When I stepped outside, I stopped, just for a second, to appreciate the moment. No bars, no floodlights, no strange caste marks or suspicious paperwork, just me and the streets and the sky.
“Aren’t you going to—” I turned around and stopped talking when I realised I was addressing a closed door. “—going to make me drink the brains?” Where had the creepy woman gone? I looked around, but saw no one. “Well, I wasn’t going to drink it anyway!”
What was I supposed to do now? I turned back to stare at the doors. I could go back in, find that creepy woman, and demand answers. Or, I could not go back in the place where I’d been locked in a cell.
I walked away. Maybe there was a hotel I could check into, at least until I got this whole zombie thing sorted. I looked up to see if it was morning or afternoon, and instead was faced with a half moon and a sprinkling of stars. Weird. Only about half the streetlights appeared to be working, but I could still see as if it was midday.
Unfortunately, my ability to see did not make any helpful figures magically appear. The street was eerily empty, and aside from the police building, most buildings looked abandoned. Were all the clichès and scary stories about the dead side of town actually true?
I turned a corner and felt like someone had dumped a bucket of ice water over my head.
“Excuse you!” a voice snapped from behind me.
I whirled around, shivering. The angry retort froze in the middle of my wide open mouth. The person—thing—that’d run into (through?) me was vaguely blue-ish and transparent. And floating several inches above the ground. It looked like a boy in its early teens, with all the attitude one would expect of that age.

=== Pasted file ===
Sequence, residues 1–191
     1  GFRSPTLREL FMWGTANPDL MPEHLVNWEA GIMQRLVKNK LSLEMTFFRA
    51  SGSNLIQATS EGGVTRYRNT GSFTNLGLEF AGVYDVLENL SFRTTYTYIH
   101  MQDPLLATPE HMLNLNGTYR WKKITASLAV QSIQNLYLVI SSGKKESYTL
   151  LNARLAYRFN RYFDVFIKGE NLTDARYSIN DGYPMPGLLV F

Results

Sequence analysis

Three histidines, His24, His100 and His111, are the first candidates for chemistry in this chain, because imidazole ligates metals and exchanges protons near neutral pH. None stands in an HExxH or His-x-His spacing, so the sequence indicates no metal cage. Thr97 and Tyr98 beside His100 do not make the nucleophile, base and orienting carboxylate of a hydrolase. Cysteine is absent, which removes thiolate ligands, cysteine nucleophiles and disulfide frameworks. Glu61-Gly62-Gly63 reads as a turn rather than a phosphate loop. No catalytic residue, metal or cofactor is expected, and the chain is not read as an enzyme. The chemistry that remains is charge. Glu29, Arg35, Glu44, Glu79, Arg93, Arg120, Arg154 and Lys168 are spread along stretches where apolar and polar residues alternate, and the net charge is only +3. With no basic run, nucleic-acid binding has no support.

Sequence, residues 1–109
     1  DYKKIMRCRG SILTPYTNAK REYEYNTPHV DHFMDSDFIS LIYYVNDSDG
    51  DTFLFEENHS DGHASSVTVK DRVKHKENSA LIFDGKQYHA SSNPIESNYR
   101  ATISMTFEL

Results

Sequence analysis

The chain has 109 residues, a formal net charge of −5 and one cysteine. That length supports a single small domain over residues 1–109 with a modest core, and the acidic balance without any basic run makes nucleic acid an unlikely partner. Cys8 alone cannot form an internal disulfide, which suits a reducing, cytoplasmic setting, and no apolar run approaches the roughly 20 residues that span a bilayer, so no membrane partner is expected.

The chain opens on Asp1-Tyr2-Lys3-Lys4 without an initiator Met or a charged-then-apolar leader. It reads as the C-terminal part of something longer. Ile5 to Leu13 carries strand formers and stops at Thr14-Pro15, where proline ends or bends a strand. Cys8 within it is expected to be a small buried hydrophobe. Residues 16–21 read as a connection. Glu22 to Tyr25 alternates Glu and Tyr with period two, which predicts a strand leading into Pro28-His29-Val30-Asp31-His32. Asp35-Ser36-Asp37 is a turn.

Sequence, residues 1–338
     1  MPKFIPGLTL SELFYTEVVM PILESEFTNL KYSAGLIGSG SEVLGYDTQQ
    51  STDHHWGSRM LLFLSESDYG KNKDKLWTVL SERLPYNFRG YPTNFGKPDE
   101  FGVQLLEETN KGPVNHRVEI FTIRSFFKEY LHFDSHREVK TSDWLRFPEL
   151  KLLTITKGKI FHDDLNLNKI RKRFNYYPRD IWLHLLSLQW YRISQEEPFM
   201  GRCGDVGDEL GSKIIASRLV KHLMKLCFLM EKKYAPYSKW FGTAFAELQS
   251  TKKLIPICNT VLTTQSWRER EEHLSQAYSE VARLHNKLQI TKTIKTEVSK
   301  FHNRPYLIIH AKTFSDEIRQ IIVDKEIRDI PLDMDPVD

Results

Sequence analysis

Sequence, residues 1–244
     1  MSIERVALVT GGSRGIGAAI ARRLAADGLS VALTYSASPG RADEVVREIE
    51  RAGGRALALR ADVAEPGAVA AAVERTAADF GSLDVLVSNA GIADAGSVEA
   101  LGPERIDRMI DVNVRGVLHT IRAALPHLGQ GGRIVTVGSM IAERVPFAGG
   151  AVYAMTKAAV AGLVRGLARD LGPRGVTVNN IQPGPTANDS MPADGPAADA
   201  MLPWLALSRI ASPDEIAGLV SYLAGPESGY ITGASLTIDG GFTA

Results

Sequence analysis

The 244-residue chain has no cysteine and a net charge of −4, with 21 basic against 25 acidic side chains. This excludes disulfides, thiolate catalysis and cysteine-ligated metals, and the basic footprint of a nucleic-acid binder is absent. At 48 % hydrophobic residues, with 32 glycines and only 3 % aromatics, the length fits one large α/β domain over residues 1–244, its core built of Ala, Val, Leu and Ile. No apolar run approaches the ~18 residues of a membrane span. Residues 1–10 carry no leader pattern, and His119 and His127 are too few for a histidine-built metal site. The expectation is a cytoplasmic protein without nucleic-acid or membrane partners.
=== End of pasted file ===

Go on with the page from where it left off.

“It’s rude to stare, y’know.”
“Are you a ghost?” It wasn’t the most intelligent question, but I was too surprised to think of anything else. And cold.
The creature heaved a great sigh. “Please. Doesn’t anyone know the difference?”
“The difference between what?”
“A ghost and a phantom! See?” It gestured at its caste mark: two squiggly lines running down the left side of its face.
“There’s a difference?” I wracked my brain, trying to remember the ghost caste mark, and came up blank. I could list a dozen or more living caste marks, but ghosts I’d always figured I’d identify by the fact that they were, well, transparent.
“Obviously!” It turned to leave.
“Wait!” I cried. It looked back over its shoulder. “Would you tell me where the local government’s office is? I want to lodge a complaint.”
It laughed, then stopped when I didn’t join in. “Right. Good luck with that.” Then it vanished.
“Are you kidding me?” I demanded of the now empty street. What was with these dead-side people and their complete inability to be helpful?